In 1917, a stray Boston Terrier came upon a group of soldiers training for deployment to Europe to join WWI. They were the 102nd Regiment of the 26th Yankee Division. He was given the name Stubby by one of these men, Robert Conroy, due to his little screw tail. Stubby seemed to enjoy the daily exercises and joined in every day.
When the men were deployed to France, Robert couldn’t just leave him behind so he smuggled him along. Eventually, Stubby was discovered, but allowed to stay.
In France, Stubby joined his humans in battle. Not long in, he was gassed with mustard gas so after recovering, would run up and down barking to warn his company to put on their gas masks. He was also fitted with a doggie gas mask himself. Stubby could also warn of incoming bombs due to his better hearing and found wounded men on the battlefield. He even discovered and captured an enemy combatant.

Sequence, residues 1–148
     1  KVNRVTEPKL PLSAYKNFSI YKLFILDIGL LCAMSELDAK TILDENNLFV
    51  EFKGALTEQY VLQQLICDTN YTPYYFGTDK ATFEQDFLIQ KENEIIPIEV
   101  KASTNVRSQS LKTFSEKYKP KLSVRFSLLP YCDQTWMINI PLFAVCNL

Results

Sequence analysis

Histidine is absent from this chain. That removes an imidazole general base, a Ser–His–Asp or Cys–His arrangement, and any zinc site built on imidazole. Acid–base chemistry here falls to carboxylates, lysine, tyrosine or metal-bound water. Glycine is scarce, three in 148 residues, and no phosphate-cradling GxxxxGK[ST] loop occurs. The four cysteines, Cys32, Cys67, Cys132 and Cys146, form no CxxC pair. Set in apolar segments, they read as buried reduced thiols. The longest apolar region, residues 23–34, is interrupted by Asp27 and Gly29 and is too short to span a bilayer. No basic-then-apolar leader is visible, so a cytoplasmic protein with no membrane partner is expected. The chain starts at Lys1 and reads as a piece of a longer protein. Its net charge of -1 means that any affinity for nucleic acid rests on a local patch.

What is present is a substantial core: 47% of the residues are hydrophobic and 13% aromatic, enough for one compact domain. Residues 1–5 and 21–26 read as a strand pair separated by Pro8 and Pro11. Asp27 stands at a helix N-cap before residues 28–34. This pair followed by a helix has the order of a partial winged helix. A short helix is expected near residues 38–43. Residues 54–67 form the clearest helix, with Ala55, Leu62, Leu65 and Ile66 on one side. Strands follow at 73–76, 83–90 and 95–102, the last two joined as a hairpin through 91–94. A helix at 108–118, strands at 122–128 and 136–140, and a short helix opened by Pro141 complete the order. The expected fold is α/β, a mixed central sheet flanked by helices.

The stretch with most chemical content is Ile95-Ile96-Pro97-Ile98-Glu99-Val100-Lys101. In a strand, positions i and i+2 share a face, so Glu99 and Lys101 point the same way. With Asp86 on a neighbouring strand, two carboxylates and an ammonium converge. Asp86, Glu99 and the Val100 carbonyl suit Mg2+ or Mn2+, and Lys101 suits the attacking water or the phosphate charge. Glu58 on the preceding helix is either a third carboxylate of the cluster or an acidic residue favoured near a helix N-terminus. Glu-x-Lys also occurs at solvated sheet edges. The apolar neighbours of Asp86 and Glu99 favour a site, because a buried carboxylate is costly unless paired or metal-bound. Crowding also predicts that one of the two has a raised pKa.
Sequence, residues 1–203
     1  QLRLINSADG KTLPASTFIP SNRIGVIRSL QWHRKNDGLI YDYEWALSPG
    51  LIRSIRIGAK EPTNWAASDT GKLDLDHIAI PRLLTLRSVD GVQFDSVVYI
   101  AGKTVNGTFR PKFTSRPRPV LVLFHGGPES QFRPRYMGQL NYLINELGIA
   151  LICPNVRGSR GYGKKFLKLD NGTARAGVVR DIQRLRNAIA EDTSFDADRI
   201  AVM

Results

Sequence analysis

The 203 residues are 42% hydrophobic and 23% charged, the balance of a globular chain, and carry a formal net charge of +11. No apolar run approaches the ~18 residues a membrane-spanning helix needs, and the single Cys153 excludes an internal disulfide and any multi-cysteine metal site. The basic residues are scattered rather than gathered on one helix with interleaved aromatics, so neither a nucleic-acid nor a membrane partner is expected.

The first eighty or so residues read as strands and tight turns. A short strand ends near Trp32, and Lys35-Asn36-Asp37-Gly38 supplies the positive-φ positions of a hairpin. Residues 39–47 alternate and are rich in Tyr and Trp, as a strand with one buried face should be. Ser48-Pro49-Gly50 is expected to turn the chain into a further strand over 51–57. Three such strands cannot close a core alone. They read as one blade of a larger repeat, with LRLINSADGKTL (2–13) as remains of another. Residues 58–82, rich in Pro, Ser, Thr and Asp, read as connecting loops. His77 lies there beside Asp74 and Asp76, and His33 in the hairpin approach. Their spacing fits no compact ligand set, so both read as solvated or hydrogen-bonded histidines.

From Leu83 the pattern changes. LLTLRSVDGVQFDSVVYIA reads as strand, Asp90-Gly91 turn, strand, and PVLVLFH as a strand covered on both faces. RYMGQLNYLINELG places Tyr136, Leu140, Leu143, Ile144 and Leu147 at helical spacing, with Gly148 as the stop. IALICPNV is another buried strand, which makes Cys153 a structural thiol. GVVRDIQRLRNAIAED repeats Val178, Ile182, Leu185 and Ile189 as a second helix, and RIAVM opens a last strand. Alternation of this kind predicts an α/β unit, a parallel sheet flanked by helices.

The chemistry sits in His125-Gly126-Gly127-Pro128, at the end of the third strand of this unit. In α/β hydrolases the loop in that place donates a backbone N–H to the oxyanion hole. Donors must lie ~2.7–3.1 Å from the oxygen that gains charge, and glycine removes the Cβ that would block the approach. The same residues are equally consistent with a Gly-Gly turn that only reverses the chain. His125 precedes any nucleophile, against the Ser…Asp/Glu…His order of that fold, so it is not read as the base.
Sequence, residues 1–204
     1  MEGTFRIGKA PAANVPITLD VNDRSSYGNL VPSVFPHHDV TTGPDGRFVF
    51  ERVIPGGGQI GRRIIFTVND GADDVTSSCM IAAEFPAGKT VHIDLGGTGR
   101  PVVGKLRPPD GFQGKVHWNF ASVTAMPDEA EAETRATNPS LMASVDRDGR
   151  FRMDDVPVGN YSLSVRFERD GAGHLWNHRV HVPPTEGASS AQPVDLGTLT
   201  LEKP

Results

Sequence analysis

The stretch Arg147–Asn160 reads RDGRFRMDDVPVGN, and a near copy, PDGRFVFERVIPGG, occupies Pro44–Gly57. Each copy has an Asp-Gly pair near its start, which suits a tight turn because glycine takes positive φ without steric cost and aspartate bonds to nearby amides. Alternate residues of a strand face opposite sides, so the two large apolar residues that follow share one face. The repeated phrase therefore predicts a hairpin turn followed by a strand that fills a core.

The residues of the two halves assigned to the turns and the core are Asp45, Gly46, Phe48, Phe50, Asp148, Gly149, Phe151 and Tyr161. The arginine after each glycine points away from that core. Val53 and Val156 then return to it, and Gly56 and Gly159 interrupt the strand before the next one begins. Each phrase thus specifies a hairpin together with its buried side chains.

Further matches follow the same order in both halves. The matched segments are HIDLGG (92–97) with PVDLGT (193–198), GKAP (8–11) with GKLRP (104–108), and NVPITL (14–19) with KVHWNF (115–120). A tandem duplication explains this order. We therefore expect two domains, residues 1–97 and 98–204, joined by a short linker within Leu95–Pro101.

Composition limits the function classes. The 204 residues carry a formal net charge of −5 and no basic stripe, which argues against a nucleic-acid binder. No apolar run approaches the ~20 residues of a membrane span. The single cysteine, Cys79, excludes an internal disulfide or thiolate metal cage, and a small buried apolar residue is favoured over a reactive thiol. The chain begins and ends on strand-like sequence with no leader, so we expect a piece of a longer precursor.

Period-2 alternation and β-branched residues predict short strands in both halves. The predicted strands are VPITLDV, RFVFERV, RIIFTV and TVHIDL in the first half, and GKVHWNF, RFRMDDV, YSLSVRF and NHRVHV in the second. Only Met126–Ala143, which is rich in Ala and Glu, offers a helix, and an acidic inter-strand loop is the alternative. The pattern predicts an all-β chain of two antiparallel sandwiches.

There is an apocryphal story he received a field promotion to Sargent, but this is unlikely.
At one point, Stubby was wounded and sent away from the fighting for a few months but still managed entertain and visit his fellow convalescents regularly. He returned to the active front lines until the end of the war.
In total, Stubby saw 17 battles in all and was decommissioned at the end of the war with his fellow soldiers and returned home with Robert.
He died peacefully in 1926 after many accolades, parades and cuddles.
In May 2018, the Connecticut Trees of Honor Memorial park, commissioned a statue of Stubby.
In April 2018, Sgt. Stubby, an animated movie was released.
Read more about Stubby at Sergeant Stubby Salutes or at the Smithsonian Museum website.
Share your thoughts on this post here: